Damien’s Dean of Debate Celebrates 27 Years of Coaching

June 27, 2009
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Chuck Ballingall

Chuck Ballingall

Don’t get in an argument with Chuck Ballingall. He’s heard every angle, ruse, excuse and illogical thought in his 27 years as Damien’s debate coach. And Chuck, 48, will probably hear a lot more as he plans on being Damien’s debate coach for years to come.

He’s sort of like the John Wooden or Phil Jackson of debate. He produces champions. Two of his newest, Sean Hernandez and Reid Ehrlich-Quinn, took first place in policy debate at the National Speech and Debate Tournament, sponsored by the National Forensic League (NFL) in Birmingham, Ala., June 19.

He already has his calendar marked for Sept. 10, when Damien will participate in the Greenhill Round Robin debate in Dallas, Texas. Only the top 14 debate teams in the country were invited. Chuck has such a “rep” around debate circles that his debate topic, “The Federal Government Should Substantially Increase Social Services to People Living in Poverty,” has been accepted as the national debate topic for 2009/2010. This is big-time stuff!

For suggesting that topic, students nationwide will either cheer him or jeer him.  That’s because debaters  research just the one debate topic for an entire year. Debaters who eagerly plunge into the research begin to appreciate the levels of complexities and shades of arguments underpinning the issues they’re studying; others with less patience will simply wish to move on and tackle other subjects like health care and foreign policy issues.

As savvy and experienced a coach as Chuck is, he realizes his success starts and ends with his players, of which it appears Damien has no shortage. In fact, Damien’s debating riches are almost scandalous. If Damien’s debate squad were a football team, rivals would be crying foul. Charges that Damien’ debate team doesn’t have to restock, just reload, are true. Damien also benefits from the skills of Nick Fiori, assistant Damien debate coach and USC graduate.

Damien is a debate factory without peer. The private high school offers five debate classes that students are automatically enrolled in when they attend Damien.  Thus, Chuck doesn’t have to cherry-pick a couple of debaters from an honors English class to try to form a team. He has about 150 to 200 students who will learn something about the rhetorical arts. The best ones will stick with it. No school in the Southland has a comparable program. The payoff for students and their parents footing tuition bills is well worth it. Many of Chuck’s students go on to be lawyers and judges and other top professionals.

“I can probably think of a couple of dozen off the top of my head,” Chuck said.

But that’s not the students’ motivation, Chuck explained.

“They do this program because they enjoy it” he said. “They’re willing to spend dozens of hours a week preparing. They love the intellectual game.”

And to many it is a game — a serious game that requires hard work and preparation to excel. “They’re like elite athletes,” Chuck said. “They’re so competitive and driven. But instead of expressing themselves athletically, they’re expressing themselves intellectually and academically.”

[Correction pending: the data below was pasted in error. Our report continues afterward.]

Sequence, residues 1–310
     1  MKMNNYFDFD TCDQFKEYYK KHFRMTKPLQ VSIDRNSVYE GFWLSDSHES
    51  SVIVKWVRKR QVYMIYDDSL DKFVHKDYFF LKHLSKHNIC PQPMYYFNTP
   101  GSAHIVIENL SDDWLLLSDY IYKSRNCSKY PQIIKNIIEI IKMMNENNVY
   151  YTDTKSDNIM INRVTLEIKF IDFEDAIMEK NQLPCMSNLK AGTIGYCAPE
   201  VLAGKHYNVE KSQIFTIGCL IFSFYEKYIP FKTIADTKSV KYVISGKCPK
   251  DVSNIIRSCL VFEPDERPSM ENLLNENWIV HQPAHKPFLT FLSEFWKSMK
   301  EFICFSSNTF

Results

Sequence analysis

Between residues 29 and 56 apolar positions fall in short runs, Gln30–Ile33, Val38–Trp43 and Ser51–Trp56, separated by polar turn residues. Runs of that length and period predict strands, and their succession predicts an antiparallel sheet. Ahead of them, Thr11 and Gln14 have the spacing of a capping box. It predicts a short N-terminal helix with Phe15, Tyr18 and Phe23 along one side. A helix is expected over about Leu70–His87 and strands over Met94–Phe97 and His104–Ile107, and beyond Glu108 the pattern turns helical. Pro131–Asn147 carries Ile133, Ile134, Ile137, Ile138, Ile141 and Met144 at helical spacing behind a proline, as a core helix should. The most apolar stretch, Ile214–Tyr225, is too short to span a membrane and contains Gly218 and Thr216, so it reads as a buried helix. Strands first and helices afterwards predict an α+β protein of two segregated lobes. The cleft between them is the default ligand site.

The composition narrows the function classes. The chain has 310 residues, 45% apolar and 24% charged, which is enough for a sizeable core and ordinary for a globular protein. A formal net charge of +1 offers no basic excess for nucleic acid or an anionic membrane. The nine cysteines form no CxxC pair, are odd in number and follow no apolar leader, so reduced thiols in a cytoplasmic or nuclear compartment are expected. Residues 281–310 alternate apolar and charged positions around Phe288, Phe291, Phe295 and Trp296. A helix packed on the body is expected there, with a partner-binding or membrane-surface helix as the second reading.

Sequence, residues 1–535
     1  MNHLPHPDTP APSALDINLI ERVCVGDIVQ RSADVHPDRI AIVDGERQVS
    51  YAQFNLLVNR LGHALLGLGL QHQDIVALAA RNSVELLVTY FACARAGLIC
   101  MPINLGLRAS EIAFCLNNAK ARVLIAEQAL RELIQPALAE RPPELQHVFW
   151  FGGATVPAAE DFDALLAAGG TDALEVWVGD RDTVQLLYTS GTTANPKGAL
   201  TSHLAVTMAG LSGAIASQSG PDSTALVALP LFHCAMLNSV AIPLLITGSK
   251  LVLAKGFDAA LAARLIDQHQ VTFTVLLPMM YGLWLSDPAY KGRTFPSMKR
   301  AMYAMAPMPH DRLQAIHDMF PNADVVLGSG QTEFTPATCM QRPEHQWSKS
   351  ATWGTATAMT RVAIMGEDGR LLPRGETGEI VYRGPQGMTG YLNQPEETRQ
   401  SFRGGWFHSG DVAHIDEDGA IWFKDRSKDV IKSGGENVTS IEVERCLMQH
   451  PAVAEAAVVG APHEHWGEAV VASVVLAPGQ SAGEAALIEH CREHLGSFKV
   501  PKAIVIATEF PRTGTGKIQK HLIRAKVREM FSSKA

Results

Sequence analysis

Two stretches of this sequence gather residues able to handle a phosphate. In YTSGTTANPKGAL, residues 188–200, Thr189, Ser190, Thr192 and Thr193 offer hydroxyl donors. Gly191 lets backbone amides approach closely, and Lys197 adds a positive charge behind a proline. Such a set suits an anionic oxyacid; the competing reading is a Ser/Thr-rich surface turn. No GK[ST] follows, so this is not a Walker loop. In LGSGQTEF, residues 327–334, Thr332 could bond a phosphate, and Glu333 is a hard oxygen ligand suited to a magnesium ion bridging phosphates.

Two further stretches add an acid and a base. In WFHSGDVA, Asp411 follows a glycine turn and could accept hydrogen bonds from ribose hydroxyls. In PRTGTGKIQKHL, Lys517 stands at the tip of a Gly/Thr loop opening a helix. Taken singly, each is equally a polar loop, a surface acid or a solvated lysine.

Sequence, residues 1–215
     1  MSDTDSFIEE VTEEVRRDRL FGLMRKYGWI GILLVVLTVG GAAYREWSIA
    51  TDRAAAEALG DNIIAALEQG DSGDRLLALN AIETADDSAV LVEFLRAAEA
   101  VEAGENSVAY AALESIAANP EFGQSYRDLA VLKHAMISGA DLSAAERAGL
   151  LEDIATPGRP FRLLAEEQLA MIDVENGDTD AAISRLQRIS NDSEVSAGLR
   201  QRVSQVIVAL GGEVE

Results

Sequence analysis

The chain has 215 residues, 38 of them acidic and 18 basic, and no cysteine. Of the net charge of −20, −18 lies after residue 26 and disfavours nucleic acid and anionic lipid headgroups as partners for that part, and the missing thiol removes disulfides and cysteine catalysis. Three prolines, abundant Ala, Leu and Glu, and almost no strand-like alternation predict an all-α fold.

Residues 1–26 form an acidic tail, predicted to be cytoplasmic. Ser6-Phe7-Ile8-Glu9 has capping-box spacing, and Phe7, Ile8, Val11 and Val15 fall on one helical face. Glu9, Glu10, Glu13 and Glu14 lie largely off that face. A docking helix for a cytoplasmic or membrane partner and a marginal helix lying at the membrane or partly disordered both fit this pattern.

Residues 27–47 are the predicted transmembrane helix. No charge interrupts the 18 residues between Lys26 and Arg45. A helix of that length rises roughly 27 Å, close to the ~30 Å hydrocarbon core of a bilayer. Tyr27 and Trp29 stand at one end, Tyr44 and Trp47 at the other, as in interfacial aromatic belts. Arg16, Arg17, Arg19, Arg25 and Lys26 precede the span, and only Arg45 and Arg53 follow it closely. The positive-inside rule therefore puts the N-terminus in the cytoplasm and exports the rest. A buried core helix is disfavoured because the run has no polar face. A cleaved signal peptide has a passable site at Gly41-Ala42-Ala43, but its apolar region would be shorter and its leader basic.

Occasionally, (it’s the exception not the rule) Chuck will have to sit one of his players down for loss of focus (not taking care of business in other classes). “If they miss a couple of tournaments because of grades, that’ll often help them get their focus back,” Chuck said.

The tournaments are the big games. Competitions have taken Chuck and his teams all over the country, from the Southland to the nation’s capital. Chuck can’t possibly take all his students to every tournament, without breaking the budget, so he tries to match his debate teams with teams of similar strength and reputation  from other schools, not unlike college or high school football coaches scheduling a mix of powder puffs and powerhouses to help give their  teams confidence and experience. 

Chuck’s debaters are smart, quick-thinking, and confident. “There really isn’t a trick to it, it’s all about putting in the work,” Chuck said. “Our best don’t just talk pretty, they’re powerful and persuasive speakers.”

Another reason Damien ranks among the nation’s top debate teams is Chuck knows the ropes better than any other coach. Here in the Southland, he’s the dean of debates, helping organize and run many of the local tournaments, which often attract more than 100 teams. His confidence and experience rubs off on his debaters, and keeps them cool under fire and cross-examination.

Damien’s debate budget is five figures, defrayed by the debaters’ parents and local sponsors, many of whom have come through the program and reaped its benefits. With many airlines now adding excess baggage fees, debate teams like Damien have been especially hard hit. Damien teams haul four large Rubbermaid plastic storage bins filled with their notes, books and papers to every event. Another $80 in baggage fees per flight, and Damien, like every other traveling debate team, feels the financial pain.

Fortunately for Damien, Chuck knows how to budget in addition to wearing a lot of other hats. He teaches history and micro and macro-economics. He has also been the voice of Damien basketball for 27 years, plus a lot of baseball games over the years.

“It’s a good way to keep in touch with kids outside of class,” Chuck said humbly.

The bigger question is, how will Damien’s kids keep up with Chuck?

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